by Bienvenu-Marie BAKUMANYA
KINSHASA, DR Congo (AFP) — Authorities in the Democratic Republic of Congo have appealed for calm after an evangelical preacher fell ill with Ebola in the eastern city of Goma, the first recorded case of the disease in the key urban hub in a nearly year-old epidemic.
Goma, a border city with a population of one million, lies next to the Rwandan town of Gisenyi and has transport links to other parts of the DRC and beyond.
The UN’s World Health Organization (WHO) described the case as a “potential game-changer” and said it would reconvene a key panel to see whether the outbreak required a heightened global response.
Rwanda, meanwhile, said it would step up border monitoring and urged its citizens to avoid “unnecessary” travel to the eastern DRC.
In a statement, North Kivu governor Carly Nzanzu Kasivita said the new case had been “detected at an early stage but also was isolated immediately, avoiding any further contamination.”
But, he added, “I call on the population of the city of Goma and its outskirts to keep calm… (and) cooperate with response teams, by observing hygiene and prevention measures and notifying any suspected case of Ebola,” he added.
According to the latest health ministry figures issued on Saturday, 1,655 people have died from the hemorrhagic virus since August 1 last year, when the disease broke out in North Kivu and spread to neighboring Ituri.
Nearly 700 people have been cured, and more than 160,000 been vaccinated.
But efforts to roll back Ebola have been hampered by insecurity in a region plagued by militia groups, who have attacked treatment centers.
Local hostility to health workers trying to trace and isolate people in contact with Ebola patients is another hurdle.
Two more Ebola workers were murdered in their homes in the North Kivu town of Beni, the ministry said.
The Goma patient was described as a pastor who had been on a trip to another town, Butembo, one of the towns hardest hit by the outbreak.
There, he preached at seven churches and regularly touched worshippers, “including the sick,” the health ministry said Sunday.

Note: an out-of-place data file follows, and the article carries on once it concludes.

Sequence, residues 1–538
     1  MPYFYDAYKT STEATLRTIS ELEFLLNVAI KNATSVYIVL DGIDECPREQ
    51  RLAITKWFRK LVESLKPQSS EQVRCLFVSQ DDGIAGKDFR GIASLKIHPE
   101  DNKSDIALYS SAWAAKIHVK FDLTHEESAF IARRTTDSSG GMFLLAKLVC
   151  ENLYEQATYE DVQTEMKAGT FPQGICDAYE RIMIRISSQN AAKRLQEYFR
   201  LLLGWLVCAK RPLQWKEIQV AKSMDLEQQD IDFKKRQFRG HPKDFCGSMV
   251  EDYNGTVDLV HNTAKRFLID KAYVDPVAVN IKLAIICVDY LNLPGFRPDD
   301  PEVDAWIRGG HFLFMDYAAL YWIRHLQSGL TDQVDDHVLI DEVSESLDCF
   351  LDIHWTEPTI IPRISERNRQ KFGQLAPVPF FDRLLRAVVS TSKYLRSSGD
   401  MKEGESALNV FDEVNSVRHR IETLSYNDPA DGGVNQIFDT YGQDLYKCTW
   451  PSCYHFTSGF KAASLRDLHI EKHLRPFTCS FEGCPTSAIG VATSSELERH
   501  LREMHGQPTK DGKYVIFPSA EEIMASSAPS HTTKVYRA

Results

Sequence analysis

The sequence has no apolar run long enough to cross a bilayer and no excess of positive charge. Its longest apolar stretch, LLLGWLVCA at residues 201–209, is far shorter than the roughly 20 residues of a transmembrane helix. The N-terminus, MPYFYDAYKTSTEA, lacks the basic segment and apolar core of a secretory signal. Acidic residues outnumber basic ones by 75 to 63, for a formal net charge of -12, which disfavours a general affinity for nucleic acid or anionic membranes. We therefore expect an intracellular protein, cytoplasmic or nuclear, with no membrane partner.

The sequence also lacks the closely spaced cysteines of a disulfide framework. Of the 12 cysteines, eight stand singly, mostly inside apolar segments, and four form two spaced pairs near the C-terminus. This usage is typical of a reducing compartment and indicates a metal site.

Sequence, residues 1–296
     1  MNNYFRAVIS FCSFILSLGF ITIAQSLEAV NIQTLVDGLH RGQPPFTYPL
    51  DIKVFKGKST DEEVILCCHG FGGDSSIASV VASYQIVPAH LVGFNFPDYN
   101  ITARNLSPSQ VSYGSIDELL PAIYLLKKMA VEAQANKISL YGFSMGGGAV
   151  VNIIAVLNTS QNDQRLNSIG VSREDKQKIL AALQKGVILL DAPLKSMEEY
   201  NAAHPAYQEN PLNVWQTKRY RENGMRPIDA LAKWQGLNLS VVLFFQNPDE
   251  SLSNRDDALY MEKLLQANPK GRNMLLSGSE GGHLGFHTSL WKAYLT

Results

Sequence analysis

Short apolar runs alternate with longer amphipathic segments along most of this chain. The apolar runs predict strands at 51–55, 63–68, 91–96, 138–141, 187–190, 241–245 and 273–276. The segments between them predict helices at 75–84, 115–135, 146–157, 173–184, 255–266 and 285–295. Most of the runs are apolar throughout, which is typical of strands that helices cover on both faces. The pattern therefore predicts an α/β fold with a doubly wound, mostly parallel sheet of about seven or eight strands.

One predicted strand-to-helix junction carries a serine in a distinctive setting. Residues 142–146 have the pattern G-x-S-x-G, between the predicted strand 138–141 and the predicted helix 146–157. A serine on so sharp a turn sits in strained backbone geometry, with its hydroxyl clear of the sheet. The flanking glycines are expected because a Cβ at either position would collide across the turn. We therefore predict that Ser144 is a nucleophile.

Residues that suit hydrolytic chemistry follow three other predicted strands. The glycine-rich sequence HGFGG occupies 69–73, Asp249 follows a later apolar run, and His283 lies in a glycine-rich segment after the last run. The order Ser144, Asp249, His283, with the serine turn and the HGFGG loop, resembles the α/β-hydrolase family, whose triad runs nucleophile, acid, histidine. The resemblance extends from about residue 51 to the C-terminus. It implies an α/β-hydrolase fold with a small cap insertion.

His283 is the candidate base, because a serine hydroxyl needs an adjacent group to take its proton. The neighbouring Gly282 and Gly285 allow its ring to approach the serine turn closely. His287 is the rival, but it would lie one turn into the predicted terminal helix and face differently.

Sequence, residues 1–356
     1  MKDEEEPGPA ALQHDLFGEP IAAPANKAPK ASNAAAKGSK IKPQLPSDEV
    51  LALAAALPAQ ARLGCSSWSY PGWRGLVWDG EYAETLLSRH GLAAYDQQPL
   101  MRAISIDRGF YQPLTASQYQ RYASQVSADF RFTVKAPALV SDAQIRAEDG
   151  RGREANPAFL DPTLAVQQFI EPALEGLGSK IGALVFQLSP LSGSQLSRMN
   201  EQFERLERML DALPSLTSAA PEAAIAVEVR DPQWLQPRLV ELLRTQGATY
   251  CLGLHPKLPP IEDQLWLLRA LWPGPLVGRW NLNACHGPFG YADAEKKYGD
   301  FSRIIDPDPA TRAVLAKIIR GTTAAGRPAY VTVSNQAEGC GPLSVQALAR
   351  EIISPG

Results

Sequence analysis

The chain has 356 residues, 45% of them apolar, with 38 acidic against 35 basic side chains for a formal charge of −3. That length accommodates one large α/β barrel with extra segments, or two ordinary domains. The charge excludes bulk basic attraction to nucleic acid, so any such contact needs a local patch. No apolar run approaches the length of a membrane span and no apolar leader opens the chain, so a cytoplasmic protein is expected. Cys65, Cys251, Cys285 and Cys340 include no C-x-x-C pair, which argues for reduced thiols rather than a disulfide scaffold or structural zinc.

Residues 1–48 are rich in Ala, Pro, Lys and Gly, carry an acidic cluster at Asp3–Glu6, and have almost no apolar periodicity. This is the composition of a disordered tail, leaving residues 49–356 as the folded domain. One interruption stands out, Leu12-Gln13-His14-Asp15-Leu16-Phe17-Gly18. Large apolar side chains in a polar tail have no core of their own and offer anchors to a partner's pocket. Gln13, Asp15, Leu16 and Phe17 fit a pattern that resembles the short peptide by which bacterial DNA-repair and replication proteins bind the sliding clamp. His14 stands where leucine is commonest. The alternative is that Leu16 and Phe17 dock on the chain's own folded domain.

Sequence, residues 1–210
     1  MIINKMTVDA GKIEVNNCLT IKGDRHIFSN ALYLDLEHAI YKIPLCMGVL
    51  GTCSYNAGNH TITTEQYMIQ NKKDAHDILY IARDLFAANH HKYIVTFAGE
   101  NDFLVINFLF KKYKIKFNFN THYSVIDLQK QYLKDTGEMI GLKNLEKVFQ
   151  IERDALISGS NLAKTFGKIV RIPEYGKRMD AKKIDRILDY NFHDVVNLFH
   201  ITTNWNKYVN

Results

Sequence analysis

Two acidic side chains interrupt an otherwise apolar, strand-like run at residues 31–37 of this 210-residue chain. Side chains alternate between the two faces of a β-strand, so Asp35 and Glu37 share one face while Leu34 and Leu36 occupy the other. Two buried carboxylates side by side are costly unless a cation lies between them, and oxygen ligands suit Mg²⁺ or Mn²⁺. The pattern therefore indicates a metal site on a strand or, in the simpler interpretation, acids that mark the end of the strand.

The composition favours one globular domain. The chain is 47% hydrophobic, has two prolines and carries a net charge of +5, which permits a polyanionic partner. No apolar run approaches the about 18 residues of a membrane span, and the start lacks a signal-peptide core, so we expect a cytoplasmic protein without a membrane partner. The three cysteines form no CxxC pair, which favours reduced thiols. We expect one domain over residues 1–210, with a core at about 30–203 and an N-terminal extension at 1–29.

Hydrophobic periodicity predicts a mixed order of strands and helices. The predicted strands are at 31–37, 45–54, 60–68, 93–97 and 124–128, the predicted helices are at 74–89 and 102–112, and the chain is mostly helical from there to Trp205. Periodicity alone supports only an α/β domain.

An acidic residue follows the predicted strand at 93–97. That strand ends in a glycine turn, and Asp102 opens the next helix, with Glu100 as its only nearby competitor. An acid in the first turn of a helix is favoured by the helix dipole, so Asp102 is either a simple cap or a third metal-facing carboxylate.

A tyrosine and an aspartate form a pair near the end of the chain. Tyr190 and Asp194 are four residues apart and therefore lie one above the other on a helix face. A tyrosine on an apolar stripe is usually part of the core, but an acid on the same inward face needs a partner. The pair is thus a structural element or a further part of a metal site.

His symptoms first surfaced last Tuesday, it said.
On Friday he took a bus back to Goma from Butembo, along with 18 other passengers and the driver.
He went through several health checkpoints on the road “but did not seem to show signs of the disease. However, at each checkpoint, he wrote down different family names and forenames on the passenger list, which probably indicates a will to hide his identity and state of health,” the ministry said.
When he arrived back in Goma on Sunday morning, he went to a clinic because he had started to become feverish, the ministry said.
“Given that the patient was quickly identified, as well as all the passengers on the bus from Butembo, the risk of the disease spreading in the city of Goma is low,” it said.
The pastor was swiftly taken back to Butembo, which is better prepared for handling Ebola cases than Goma, the authorities said.
The WHO said response teams had so far identified 60 people who had been in contact with the preacher, 30 of whom had now been vaccinated.
In Geneva, WHO chief Tedros Adhanom Ghebreyesus said he planned to reconvene the agency’s emergency advisory board to assess whether the outbreak should be declared a “public health emergency of international concern” — a move that ramps up international response.
“The identification of the case in Goma could potentially be a game-changer in this epidemic,” Tedros warned.
The WHO panel has on three previous occasions held off making a formal emergency call for the DRC outbreak, citing the limited risk of large-scale international spread.
Doctors Without Borders (MSF), which has suspended operations in the Beni-Butembo area because of the violence there, said the Goma case “shows that the situation is still worrying and the epidemic is still not under control.”
Experts fret when a contagious disease occurs in a city, where contact, mobility and anonymity make it far harder to contain an outbreak than in the countryside.
Goma is a border city located on the northern shore of Lake Kivu, adjacent to Rwanda.
It has a port that links to Bukavu and South Kivu and an airport with flights to Kinshasa, the Ugandan capital Entebbe and Addis Ababa, the capital of Ethiopia.
The driver of a motorbike taxi in Goma, who gave his name as Jean-Pierre, aged 30, said, “I hope the authorities do everything to trace these people — Goma is a huge crossroads, leading to several destinations.”
The latest epidemic is the second deadliest on record globally, after the outbreak that struck West Africa in 2014-2016, killing more than 11,300 people.
© Agence France-Presse